# What are the electrical parameters in series and parallel electrical networks?

In our last article, we looked at the principles of operation of electrical cells. In this article we’re going to move on to the electrical parameters in both series and parallel electrical networks.

When we have circuits with more than one resistor, we need to be able to find the effective resistance before we can use Ohm’s law or do any other calculation.

## Resistors in Series

The resistors R_{1}, R_{2} …., R_{m} in the circuit below are said to be in series because the same current passes through them:

The resistors behave in the same way as the circuit on the right of resistance, where the equivalent resistance can be found by adding the individual resistance.

Since the total resistance is R_{eq}. When we use Ohm’s law to find current the equation becomes:

Let’s look at an example. Say we want to find the current, I, passing through, and the voltage across, each of the resistors in this circuit:

The three resistors in series have a resistance R_{eq} given by the sum of the three resistances.

Therefore, R_{eq} = 100 + 400 + 200 = 700 Ω. The current I passing through R_{1}, R_{2} and R_{3} is the same, so we can apply Ohm’s Law I = 7 V / 700 Ω = 0.01 A

The voltage across each resistance is calculated using Ohm’s law for each resistor:

The voltage across 100Ω: VR1 = 100 × I = 100 × 0.01 = 1 V

The voltage across 400Ω: VR2 = 400 × I = 400 × 0.01 = 4 V

The voltage across 200Ω: VR3 = 200 × I = 200 × 0.01 = 2 V

It’s worth noting that the total voltage across each resistor adds up to the voltage supplied by the battery.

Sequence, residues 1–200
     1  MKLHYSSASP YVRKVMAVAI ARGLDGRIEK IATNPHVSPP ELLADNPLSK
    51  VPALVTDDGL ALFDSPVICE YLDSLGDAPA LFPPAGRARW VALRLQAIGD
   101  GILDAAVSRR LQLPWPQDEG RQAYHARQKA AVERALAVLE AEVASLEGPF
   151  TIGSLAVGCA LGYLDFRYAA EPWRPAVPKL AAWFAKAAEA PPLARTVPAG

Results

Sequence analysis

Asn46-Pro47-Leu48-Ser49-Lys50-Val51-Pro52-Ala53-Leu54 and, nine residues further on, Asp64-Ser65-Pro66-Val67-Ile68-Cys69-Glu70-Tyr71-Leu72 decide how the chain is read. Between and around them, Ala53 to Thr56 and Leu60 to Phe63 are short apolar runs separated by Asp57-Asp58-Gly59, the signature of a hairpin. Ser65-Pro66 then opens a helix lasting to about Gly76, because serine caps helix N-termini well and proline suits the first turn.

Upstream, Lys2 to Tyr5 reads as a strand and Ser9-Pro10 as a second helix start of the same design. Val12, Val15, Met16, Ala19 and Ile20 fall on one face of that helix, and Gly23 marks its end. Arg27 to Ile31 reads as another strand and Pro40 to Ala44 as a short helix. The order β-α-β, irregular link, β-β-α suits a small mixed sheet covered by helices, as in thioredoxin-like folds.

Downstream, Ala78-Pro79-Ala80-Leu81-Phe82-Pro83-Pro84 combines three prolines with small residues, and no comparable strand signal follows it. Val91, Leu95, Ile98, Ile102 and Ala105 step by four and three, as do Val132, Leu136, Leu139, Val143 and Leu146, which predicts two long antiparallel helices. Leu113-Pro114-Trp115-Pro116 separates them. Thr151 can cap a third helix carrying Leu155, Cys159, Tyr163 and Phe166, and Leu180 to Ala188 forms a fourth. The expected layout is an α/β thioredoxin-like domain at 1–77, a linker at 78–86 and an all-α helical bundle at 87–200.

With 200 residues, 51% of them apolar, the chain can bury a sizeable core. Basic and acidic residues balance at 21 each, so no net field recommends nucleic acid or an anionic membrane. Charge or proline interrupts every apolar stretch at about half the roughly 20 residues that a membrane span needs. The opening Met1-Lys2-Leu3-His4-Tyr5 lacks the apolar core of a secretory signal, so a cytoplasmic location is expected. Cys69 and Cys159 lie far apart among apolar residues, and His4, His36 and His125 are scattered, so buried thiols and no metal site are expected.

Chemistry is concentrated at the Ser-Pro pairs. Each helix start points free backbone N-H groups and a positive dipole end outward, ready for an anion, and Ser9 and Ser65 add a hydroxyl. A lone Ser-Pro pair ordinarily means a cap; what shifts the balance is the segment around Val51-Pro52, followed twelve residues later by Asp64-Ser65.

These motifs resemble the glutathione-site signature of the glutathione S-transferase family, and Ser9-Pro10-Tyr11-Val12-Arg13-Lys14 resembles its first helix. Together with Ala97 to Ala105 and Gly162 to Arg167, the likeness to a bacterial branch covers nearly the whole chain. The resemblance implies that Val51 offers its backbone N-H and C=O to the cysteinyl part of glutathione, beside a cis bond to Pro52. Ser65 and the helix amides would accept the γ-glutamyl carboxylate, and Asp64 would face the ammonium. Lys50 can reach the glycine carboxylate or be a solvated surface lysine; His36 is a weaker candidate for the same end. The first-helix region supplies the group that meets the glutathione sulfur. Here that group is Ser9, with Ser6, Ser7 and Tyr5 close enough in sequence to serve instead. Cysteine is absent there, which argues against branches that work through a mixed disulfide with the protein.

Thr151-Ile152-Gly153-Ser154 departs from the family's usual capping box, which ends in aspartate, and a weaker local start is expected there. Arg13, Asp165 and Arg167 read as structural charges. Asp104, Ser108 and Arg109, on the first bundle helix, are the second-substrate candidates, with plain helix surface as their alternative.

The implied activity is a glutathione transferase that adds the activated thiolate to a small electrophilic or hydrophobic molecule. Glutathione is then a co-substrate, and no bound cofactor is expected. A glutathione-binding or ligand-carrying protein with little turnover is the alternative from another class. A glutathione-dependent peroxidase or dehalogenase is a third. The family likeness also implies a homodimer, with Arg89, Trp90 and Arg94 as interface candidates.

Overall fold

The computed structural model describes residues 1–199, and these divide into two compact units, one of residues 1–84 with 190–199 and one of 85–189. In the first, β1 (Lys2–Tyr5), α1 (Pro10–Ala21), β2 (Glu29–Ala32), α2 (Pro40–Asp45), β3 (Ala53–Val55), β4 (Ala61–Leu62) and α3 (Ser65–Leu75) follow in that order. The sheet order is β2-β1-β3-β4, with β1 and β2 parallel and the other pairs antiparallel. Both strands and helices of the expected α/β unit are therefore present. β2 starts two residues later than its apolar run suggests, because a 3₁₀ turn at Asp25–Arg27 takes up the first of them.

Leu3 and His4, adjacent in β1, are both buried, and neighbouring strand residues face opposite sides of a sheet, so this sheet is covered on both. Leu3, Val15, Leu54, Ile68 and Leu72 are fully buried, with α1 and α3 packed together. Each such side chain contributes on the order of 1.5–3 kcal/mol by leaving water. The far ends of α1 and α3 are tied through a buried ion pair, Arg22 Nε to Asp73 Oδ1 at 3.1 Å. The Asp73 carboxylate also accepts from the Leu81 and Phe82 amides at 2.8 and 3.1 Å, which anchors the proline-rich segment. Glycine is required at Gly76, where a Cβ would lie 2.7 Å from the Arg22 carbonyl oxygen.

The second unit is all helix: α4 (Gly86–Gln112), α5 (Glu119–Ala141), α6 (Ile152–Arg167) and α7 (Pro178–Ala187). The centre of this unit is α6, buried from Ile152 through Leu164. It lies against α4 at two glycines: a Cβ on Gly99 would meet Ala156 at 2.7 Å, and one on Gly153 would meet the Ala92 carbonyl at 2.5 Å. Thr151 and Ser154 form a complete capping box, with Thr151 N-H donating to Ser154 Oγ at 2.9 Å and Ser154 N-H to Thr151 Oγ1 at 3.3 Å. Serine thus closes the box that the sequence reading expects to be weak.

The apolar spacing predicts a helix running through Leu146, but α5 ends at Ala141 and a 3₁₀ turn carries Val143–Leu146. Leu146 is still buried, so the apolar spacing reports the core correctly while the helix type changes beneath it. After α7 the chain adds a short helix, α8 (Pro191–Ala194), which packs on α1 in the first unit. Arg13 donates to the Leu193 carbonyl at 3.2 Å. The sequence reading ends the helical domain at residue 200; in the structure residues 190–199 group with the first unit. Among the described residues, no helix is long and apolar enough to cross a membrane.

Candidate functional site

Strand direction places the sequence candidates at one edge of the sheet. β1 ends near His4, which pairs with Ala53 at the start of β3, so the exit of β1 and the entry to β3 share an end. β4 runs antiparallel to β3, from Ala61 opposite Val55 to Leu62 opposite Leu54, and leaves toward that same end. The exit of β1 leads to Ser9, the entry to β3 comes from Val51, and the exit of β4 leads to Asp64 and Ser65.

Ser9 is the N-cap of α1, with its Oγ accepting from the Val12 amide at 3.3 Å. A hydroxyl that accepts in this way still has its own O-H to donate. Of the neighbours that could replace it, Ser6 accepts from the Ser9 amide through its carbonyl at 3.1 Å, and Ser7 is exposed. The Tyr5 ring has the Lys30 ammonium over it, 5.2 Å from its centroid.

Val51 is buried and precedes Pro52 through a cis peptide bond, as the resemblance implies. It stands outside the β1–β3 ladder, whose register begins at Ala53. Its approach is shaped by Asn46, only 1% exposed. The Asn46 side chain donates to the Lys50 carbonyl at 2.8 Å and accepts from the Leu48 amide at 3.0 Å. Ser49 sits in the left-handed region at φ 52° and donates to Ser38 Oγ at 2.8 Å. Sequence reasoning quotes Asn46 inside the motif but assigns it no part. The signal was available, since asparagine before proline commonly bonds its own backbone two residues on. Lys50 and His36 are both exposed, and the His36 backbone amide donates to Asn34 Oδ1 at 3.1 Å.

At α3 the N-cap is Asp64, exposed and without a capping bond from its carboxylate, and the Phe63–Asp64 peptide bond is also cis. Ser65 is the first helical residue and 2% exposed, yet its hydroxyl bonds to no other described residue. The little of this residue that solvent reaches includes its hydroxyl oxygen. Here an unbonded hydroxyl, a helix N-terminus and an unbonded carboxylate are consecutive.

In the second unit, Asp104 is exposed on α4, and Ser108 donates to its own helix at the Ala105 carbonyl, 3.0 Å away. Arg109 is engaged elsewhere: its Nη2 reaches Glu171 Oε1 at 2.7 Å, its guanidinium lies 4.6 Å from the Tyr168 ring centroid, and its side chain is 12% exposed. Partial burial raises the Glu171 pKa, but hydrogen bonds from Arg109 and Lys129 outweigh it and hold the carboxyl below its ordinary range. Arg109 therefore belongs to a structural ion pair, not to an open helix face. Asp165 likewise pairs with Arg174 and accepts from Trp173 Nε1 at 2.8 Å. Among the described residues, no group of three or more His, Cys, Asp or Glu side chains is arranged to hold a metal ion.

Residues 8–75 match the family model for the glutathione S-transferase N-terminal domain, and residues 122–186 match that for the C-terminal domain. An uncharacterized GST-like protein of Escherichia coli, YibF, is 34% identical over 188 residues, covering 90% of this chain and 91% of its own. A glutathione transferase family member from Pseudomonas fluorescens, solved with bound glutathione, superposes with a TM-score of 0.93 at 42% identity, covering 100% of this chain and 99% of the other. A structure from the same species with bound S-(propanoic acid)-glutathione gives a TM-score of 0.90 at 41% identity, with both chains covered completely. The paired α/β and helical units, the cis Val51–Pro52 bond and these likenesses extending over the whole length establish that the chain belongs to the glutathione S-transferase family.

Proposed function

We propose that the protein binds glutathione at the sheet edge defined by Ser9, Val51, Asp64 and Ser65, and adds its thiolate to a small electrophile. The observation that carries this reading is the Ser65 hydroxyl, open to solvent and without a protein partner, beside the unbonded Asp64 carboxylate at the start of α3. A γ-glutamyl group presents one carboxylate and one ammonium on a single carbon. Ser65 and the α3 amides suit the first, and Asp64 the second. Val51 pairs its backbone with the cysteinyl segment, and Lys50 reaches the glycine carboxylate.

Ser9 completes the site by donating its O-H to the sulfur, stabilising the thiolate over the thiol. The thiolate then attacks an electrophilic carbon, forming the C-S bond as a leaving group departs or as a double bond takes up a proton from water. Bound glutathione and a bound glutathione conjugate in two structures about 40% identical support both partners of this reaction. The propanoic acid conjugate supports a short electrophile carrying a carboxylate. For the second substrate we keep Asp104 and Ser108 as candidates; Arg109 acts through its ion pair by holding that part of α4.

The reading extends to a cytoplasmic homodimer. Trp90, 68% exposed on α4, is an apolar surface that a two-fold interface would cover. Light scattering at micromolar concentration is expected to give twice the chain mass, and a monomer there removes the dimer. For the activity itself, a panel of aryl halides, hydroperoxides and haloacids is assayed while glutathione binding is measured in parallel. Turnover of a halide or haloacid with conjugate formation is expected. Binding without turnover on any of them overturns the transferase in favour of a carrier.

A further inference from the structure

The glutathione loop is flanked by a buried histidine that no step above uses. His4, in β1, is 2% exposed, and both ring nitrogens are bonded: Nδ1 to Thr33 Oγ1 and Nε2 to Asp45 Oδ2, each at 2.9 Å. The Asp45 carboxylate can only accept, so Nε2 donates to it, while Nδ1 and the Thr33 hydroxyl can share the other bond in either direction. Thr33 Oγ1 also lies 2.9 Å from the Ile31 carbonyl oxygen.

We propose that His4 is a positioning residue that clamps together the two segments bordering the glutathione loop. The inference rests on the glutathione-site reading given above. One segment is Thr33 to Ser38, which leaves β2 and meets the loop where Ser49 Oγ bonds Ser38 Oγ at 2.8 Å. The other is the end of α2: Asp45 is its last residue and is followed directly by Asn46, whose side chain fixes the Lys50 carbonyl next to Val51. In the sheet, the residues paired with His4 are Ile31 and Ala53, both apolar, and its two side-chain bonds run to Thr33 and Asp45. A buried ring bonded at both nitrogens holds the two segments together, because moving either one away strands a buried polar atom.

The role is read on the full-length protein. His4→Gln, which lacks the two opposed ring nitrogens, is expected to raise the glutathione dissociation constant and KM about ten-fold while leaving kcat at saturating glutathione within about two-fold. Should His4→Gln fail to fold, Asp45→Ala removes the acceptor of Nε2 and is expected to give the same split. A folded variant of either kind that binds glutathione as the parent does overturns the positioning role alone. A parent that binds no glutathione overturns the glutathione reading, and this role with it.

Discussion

## Resistors in Parallel

In a parallel circuit, the voltage across each of the resistors R_{1}, R_{2} …., R_{m} in the circuit on the left is the same. They behave in the same way as the circuit on the right of resistance R_{eq} that is given by the equation:

Combinations of resistors in parallel will ALWAYS have a lower resistance then the smallest resistor present, so can be used to combine high resistors to make an equivalent low resistor:

Let’s have a look at an example. We’re going to find I in the circuit below, as well as the current passing through each of the resistors in the circuit:

The three resistors are in parallel and behave like a resistor with resistance R_{eq} given by

Multiply all terms by 400 and simplify to get

400 / R_{eq} = 4 + 1 + 2

400 / R_{eg} = 7

R_{eg} = 400/7

R_{eg} = 57.14 Ω

We can now use this to work out the current in the circuit

I = V / R

I = 7 / 57.14

I = 0.1225A

We now use Ohm’s law to find the current passing through each resistor:

The current through the resistor of 100 Ω: I_{1} = 7 / 100 = 0.07 A

The current through the resistor of 400 Ω: I_{2} = 7 / 400 = 0.0175A

The current through the resistor of 200 Ω: I_{3} = 7 / 200 = 0.035A

## A real-life example

In real life, circuits often have combinations of both series and parallel resistors. In this case, we need to calculate the equivalent resistor for each combination and may have to use the formulas more than once.

The circuit below contains a combination of series and parallel resistors, and we want to find current I:

The 100Ω and the 400 Ω resistors are in series, we can combine them and call this R_{eq1}

R_{eq1} = 100 + 400 = 500 Ω

The two resistors that are in parallel are grouped as _{Req2} in the equivalent circuit below and their resistance is given by the equation

1 / R_{eq2} = 1 / 100 + 1 / 200

R_{eq2} = 66.67Ω

So our original circuit can be replaced by

R_{eq1} and Req2 are in series and therefore are equivalent to R given by the sum

R = R_{eq1} + R_{eq2} = 500 + 66.67

R = 566.67Ω

We now use Ohm’s law to find current I.

I = V / R

I= 6 / 566.67

I= 0.0106 A

Keep an eye out for our next articles looking into the principles of operation of a DC electric motor.

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